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gitwig is another of these blog enabled static site generators. You want some more buzzwords? It's written in python, uses markdown for the content and genshi as a templating engine. As a bonus git is used for deploying the content to the server.

What makes it different from the other projects? Well most of them don't combine them in the way I like :-) The main focus here is, that the rendering of the content to HTML happens on the server and not locally on my machine. This has the main advantage is, that I don't have to wait for my laptop to finish the rendering and deploying all the changes to the server. The main disadvantages might be that there is no good error reporting in place and that the rendering might take longer.


If you want to use gitwig you need access to a server where you can

  • install python packages
  • add files to your $PATH
  • create git repositories that are accessible from your local machine
  • configure different directories served by a webserver (I would suggest nginx)

blog support

I should define this a little bit more. With "blog support" I mean the automatic creation of daily, monthly, yearly and tag indices. And of cause a blog page, an atom feed and a tag overview page.

how the repositories are used

The basic setup depends on at least three git repositories:

  1. the hub: this is the bare main repository on the server that gets cloned
  2. live: a clone of hub on the server. This is provides the data to render the site in an accessible way
  3. local: a local clone of the hub, where blog posts etc. are added

By using hooks inside the two server repositories, any changes pushed to the hub repository will automatically be rendered.

setup of the server

A short notice: To destinquish between server and local commands I will use s> for the server and l> for local commands

  1. setup the hub repository: s> git init --bare --shared blog-hub.git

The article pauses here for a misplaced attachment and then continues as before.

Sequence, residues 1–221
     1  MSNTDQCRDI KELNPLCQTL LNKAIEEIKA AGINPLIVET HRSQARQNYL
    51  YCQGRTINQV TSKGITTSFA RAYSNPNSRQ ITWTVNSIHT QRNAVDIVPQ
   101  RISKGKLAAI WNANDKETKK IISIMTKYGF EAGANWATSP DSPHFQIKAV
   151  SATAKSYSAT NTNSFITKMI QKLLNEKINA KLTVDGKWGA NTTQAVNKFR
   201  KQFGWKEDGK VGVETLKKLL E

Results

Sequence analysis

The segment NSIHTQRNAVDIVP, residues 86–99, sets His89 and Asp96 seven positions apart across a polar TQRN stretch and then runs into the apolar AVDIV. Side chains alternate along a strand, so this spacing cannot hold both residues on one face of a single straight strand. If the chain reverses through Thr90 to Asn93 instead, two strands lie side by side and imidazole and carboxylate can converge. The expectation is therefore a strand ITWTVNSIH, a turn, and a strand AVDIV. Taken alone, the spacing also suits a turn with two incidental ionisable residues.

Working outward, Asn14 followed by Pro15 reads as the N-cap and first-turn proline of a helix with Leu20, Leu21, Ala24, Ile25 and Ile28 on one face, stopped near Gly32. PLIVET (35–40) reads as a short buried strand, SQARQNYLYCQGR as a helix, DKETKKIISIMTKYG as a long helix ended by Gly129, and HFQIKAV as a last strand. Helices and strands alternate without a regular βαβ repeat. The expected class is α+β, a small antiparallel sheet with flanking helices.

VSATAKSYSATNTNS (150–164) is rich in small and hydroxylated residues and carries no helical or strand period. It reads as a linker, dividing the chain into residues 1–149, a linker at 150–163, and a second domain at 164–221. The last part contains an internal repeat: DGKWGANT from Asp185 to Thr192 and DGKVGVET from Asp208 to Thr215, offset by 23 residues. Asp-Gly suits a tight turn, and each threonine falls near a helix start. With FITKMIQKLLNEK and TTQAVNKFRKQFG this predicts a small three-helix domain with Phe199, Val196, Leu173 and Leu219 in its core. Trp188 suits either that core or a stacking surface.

2. clone the live repository: s> git clone <path to hub> blog-live

  3. download the example blog into the live repository, don't clone it!

  4. push the changes to the hub:

    s:live> git add -A
    s:live> git commit -m "import of example blog"
    s:live> git push origin master
  5. download this project on your server and run python install

  6. in the direcotry files are six files that need your attention.

    You will need to move them to their destination as noted below and (except for the config.yaml file) you'll need to adjust the file paths in them and set the execution bit

    1. -> blog-hub.git/hooks/post-update

      This will pull any changes from the hub to the live repository.

    2. -> blog-live/hooks/post-merge

      This will render the changes after they were pulled from the hub.

    3. -> blog-live/hooks/post-commit

      This will push any changes commited to the live repository to the hub and render the site.

    4. -> in your $PATH as gitwig-update

      This script is run to render the site. You might need to adjust the locale in the script. If you want to change some things – for example adding code highlighting – this is your starting point.

    5. -> in your $PATH as gitwig-inbox

      This script is to process the inbox folder in your live or local directory.

    6. config.yaml -> blog-live/

      All config possibilities can be found in the module of the gitwig package.

  7. Adjust your webserver path to point to the deploy directory and the static directory. On my server I keep the deploy directory outside of the live directory and use a symlink to the static directory inside the live repository.

setup of the local machine

l> git clone <url to bare> blog-local
# make some changes to the static page or template
l> git add -A
l> git push origin master

you'll need get a copy of the file and put it somewhere in your $PATH as gitwig-inbox. Don't forget to adjust the paths in the file and set the execution bit.

That was easy!

your first blog post

Open up your favorite text editor and write something like:

Title: My first blog post with gitwig.
tags:  testing, myblog

This is my first blog post with gitwig.

Save it to your inbox as "" and then issue the gitwig-inbox command from the command line. If everything worked, you should see the changes on your website.

some unsorted remarks

  • changes to content files like static pages or blog posts will only render this files and related index files
  • if a template file is changed, the complete site will be rerendered
  • the rerendering of the site will not delete old items first. this is intentional.
  • the deploy directory should not be under git control.
  • if a path to a linked file - like an image - does not contain a slash /, the path will be prepended with the setting of media_prefix. Just write your content normally and put all linked stuff in the static/media directory.
  • all headers must be set in a blog post. When you use the gitwig-inbox command, missing header fields will be added to your posts in the inbox.


  • I still think about a possibility to add a cron based mail inbox…
  • and of cause a better documentation. As always. (will propably never happen, as always :-)

An example of such a blog can be found at

Did I forget something? Sure, but I don't know what since I forgot…


the gitwig static site generator






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